Introduction to money self management

This is the first of a series of posts dedicated to individuals interested in investing and trading, but without experience, where I try to explain the basics of money self management.

A lot of people is intimidated by any discourse about money, for various reasons the first being the total lack of formation and experience. Others have followed the suggestions of relatives, friends or even professional advisors and lost money. These are very common  situations that may motivate a person to consider to self manage its own money.

There are a few things that I want to make clear immediately:

  1. about 95% of people that begins to trade stocks or other speculative financial markets go broke in 12-18 months, this is the statistic. Your first attention must be on not losing money.
  2. every financial instrument has its own price and there is absolutely no meaning in the relative values: i.e. the fact that General Electric share price is today at 31.74 and Caterpillar is 92.02 has no meaning in itself – some meaning may stand in market capitalization (the global value of the business) that is for GE near $281 bil and for CAT around $56 bil
  3. the value is continuously fluctuating and there is no limit to gains and primarily to losses
  4. always consider percentage variations and not absolute ones

The market is composed by thousand, millions of individuals that consider correct buy or sell every particular instrument at the current price: none is right and none is wrong, anyone is just acting following his own evaluations and attitudes and expectations.

Always invest or trade into very liquid instruments, being “liquidity” measured by the price spread. Every instrument in every single moment has a buy price and a sell price: the difference is the spread and the higher the spread the less liquid is the instrument. So, do not invest in non liquid instruments.

Cut losses and let your profit run: this is the most widely confirmed Wall street adage and money management rule and its really true, mostly for the first part – always cut your losses before they eat up your capital. You can easily recover 2%, 3% or even 5% losses, but not a 20% or more loss.

Never buy a stock because you read a positive note on a newspaper or because its name is sounding or because the logo is graphically beautiful. Finance is about numbers, just that. Always make your homework before a trading decision.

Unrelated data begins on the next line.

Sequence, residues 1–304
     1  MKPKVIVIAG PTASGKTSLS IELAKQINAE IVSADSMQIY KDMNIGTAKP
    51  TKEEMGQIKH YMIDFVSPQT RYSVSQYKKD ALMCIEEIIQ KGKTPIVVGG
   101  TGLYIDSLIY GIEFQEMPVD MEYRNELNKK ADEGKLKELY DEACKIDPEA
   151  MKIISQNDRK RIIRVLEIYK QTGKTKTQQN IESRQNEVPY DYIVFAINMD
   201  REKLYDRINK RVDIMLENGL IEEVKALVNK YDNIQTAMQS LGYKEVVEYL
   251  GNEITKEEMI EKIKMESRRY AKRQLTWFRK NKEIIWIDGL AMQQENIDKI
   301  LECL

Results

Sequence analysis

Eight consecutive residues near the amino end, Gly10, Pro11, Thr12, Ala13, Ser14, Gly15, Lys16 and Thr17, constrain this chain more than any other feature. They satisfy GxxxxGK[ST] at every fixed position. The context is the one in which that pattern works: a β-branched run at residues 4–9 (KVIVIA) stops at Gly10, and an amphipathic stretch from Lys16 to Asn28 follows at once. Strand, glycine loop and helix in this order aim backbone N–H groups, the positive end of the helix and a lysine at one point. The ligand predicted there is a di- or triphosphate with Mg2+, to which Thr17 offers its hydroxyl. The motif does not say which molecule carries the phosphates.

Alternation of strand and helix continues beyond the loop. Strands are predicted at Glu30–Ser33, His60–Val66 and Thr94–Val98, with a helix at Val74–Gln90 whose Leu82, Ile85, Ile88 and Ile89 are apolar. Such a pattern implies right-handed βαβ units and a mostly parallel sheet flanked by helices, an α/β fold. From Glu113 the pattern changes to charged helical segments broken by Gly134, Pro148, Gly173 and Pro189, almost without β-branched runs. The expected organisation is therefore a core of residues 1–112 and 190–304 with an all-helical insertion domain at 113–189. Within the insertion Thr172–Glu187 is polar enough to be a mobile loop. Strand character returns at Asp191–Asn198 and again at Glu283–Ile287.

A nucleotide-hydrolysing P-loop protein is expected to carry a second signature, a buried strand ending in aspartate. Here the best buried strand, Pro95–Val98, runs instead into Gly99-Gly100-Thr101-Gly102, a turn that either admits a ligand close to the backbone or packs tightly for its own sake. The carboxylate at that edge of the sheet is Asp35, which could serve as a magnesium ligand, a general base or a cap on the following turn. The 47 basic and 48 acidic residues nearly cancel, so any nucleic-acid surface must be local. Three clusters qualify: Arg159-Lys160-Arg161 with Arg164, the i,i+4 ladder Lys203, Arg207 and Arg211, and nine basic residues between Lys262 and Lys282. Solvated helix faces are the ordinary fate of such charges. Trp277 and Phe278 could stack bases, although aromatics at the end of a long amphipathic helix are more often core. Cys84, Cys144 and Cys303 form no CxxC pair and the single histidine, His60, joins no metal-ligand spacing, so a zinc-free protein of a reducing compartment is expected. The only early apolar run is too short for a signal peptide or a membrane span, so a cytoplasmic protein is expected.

There are two main classical approaches to market analysis: fundamental analysis and technical analysis.

Fundamental analysis looks at the value of a business in terms of capital, revenues, profits and so on. Technical analysis looks at the value of a business in terms of the chart of the price, considering that price encapsulate every possible (even hidden) information available.

Both the approaches have a good side and a bad one: I’m not here to judge what’s better, but I may say that if you want to invest long term some fundamentals are better to be taken in account, and if you want to speculate short term some charting tools can be indispensable.

About fundamental analysis, you may read Benjamin Graham and Warren Buffett manuals, among others, widely available in bookstores. I did find very useful an old book “The Zulu Principle” by Jim Slater.
About technical analysis, the basic author is Martin Pring; many others authors are available and one principal magazine at traders.com offers a continuous update on the topic.

A third way is rising in latest years and it is Artificial Intelligence applied to the markets (it is the main topic of this website!) that offers the possibility to bypass either fundamental or technical analysis with totally different instruments. Many academic papers on this topic, but  it is still a frontier activity, open to research and innovation.

A final word: never ever blame someone else for your losses. Never. Always put yourself into the conditions that you are the real unique responsible for your choices.

 

upcoming: how to choose your trading platform

 

 

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